Bacchini, Fabio (2008) Love as sickness: the analogy put to the test. Medische Antropologie, Vol. 20 (1), p. 13-26. ISSN 0925-4374. Article.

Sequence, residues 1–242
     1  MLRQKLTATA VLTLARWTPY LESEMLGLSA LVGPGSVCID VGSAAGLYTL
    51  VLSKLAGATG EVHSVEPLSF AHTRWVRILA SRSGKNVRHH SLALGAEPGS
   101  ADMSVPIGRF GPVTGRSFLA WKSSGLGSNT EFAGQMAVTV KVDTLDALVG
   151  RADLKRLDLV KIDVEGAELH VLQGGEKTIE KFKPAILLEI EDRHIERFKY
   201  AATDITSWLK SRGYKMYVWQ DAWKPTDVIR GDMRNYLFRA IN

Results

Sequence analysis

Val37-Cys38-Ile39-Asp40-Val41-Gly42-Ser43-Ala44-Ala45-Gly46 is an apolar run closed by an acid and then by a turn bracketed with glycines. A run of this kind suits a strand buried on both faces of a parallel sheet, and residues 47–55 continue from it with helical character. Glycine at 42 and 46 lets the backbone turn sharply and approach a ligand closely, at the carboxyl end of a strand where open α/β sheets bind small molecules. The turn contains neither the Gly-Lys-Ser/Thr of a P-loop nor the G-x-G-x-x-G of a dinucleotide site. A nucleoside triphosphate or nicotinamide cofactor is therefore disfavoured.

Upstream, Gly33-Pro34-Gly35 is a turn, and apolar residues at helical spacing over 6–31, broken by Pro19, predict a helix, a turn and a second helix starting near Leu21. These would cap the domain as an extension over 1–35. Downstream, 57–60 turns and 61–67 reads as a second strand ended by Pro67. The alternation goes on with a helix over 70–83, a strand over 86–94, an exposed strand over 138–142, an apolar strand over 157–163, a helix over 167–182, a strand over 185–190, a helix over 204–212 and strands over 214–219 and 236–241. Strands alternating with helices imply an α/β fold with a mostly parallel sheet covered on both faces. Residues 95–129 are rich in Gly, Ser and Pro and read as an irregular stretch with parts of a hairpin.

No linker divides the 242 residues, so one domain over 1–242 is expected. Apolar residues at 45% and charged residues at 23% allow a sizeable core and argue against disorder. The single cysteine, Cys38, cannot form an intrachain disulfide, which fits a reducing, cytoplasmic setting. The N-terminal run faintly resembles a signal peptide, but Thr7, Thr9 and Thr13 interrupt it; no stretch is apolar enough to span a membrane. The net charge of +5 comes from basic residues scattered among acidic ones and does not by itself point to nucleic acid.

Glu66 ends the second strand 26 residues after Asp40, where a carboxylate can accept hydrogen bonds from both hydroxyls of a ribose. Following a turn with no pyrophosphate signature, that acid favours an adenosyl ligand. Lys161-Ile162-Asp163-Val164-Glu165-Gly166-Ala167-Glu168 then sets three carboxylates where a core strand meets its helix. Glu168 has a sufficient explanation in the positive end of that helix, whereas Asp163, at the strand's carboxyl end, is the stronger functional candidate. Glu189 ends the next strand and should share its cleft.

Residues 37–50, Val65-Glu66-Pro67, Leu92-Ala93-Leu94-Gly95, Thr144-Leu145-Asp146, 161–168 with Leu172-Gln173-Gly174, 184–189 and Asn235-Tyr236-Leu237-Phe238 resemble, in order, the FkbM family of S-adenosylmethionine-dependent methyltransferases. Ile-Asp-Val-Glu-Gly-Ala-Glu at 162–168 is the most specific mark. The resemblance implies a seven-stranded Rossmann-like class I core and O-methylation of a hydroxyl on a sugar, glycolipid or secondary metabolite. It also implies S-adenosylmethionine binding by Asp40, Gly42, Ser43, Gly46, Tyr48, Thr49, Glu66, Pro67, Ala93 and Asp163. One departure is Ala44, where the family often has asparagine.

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The analogy between love and sickness is a powerful conceptual device that structures our understanding of love (and perhaps partly our understanding of sickness, too). We grasp love in the way we do because we have this analogy in mind. My aim in this paper is, firstly, to explore some of the reasons that can be called up to justify the analogy. I will try to identify the properties that love and sickness can be considered to share. I will therefore point out that love and sickness are both characterized by being alterations, conditions demanding a solution, seeming inexplicable, being detectable by symptoms, and so on. These common traits can provide some foundations for the analogy. But a good analogy is not created just because some common traits exist: the shared properties need to be relevant, and the analogy should let us discover new, interesting things about our target concept. So my second question in this paper is: what can we learn about love if we take the analogy between love and sickness seriously? I will develop the analogy, and will try to examine whether some other important traits of sickness can nevertheless be discovered in love, and how they are disguised. Sick persons are not normally responsible for their condition; sickness has possible causes and possible effects; there are therapies, doctors, hospitals, contagion, right or wrong diagnoses; sickness has special relations with voluntariness, and with beliefs. What does all this become on the side of love? Is the analogy successful, or does it end in failure?
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